Protesters joined the 'Social March of Millions' demonstration in Moscow on Saturday (September 22) to say no to Russia's widely unpopular pension reform bill.
The proposed bill is scheduled for a second reading on Monday (September 24) and would raise the retirement age for men from 60 to 65 by 2028 and from 55 to 60 by 2034 for women.
"They increased the retirement age to 65 years, the average life expectancy is 66 and a half years, so we have 40 percent of men who won't survive until retirement," political activist Nikolai Levshitz told Euronews. "So all the money they paid to the state, will simply go into the pockets of officials, Putin's pockets, to his friends or to someone else".
The proposed policy remains a senstive topic for the government and last month it watered down the proposed reform in response to ongoing nationwide protests.
Earlier this month, hundreds of people were detained at similar demonstrations across Russia.
"For the government, of course there's a fear factor," says Andrey Kolesnikov of the Carnegie Moscow Center. "For Putin, I don't know, because he's a very specific personality, but the fact that he, in August, in a very trusting and completely unexpected manner, decided to talk with people - this suggests that he's taking it very seriously".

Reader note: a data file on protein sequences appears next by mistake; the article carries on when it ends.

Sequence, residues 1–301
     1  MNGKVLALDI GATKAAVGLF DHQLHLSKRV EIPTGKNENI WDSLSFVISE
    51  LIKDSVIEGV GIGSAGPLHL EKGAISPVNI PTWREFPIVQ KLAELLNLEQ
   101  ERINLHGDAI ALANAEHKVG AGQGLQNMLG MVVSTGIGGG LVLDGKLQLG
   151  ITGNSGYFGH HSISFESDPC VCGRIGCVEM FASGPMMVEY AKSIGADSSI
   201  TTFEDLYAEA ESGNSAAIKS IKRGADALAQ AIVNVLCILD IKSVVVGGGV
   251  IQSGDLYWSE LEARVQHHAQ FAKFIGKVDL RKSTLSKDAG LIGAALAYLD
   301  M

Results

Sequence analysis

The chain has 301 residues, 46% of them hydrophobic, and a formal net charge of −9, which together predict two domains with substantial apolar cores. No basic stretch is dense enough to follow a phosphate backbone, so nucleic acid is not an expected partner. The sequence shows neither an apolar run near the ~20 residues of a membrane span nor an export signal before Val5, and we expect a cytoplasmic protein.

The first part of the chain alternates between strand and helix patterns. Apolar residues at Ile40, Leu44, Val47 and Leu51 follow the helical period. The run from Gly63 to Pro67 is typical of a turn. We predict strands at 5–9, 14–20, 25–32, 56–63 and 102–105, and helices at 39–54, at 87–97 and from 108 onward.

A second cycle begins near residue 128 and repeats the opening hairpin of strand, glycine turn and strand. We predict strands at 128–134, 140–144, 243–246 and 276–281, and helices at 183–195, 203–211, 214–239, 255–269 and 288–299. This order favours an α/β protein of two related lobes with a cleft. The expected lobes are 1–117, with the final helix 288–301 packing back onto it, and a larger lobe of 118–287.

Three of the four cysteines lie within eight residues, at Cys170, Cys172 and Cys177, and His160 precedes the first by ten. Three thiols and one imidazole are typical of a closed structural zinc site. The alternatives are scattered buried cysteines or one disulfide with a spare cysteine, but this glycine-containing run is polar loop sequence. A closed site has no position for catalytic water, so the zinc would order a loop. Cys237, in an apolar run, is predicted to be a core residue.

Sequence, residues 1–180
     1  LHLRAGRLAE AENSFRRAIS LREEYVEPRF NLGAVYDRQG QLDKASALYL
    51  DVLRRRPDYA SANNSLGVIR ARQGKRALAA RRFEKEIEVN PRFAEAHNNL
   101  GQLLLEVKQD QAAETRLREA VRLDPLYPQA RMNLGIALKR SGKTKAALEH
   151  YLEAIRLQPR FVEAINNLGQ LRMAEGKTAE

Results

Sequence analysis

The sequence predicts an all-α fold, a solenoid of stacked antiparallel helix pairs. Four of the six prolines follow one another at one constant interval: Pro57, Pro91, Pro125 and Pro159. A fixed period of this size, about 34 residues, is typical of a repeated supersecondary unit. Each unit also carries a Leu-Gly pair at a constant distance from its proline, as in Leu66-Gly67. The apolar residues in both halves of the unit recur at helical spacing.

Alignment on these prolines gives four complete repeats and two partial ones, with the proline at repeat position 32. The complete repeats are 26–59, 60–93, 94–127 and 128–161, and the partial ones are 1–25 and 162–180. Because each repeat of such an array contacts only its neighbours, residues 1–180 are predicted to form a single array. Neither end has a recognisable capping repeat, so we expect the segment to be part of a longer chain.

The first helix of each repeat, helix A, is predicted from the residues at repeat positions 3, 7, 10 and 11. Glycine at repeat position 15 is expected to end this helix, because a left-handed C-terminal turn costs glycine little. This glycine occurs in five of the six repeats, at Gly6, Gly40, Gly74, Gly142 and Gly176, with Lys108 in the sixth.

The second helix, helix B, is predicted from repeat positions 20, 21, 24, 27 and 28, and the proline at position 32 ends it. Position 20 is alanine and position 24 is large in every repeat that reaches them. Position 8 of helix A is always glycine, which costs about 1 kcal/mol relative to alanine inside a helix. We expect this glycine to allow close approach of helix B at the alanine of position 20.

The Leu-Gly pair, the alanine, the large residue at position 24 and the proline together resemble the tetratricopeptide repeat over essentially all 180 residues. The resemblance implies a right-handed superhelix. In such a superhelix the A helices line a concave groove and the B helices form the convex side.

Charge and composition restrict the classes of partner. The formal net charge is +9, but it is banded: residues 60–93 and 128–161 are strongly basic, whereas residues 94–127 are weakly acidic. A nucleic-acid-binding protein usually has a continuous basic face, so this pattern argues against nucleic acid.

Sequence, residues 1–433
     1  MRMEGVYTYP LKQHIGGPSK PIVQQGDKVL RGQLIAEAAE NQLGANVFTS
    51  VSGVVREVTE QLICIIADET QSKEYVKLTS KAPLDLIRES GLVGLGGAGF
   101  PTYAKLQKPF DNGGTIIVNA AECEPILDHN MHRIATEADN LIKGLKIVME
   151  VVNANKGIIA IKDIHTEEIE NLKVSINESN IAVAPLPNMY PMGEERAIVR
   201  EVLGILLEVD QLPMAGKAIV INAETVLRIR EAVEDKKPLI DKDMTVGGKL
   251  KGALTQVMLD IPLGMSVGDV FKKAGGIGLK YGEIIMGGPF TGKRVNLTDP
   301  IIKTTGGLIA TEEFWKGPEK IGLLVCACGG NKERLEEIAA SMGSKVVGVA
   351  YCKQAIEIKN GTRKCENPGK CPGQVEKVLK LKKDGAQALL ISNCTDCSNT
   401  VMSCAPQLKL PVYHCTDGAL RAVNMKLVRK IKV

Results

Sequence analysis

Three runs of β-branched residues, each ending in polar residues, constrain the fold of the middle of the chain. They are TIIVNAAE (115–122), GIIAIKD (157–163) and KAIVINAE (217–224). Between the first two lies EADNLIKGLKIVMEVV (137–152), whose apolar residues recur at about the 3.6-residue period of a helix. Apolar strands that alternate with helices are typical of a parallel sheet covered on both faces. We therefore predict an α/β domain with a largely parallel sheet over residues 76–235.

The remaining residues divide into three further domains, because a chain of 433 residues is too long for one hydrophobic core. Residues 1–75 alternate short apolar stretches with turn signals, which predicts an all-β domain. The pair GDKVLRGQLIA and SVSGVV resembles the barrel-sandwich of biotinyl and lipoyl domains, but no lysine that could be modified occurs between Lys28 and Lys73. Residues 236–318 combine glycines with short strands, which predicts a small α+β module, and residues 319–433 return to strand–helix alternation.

Recent polls show that President Putin’s personal approval rating has taken a hit - dropping by more than 10 percentage points since the reform was proposed.
Euronews correspondent Galina Polonskaya was at the demonstration:
"Students, businessmen, pensioners – almost all parts of Russian society turned out for this protest, which was organized by the communist party. Demonstrators are demanding a referendum, they want the government to resign and are sure - that raising of the retirement age will be disastrous for everyone who lives in this country".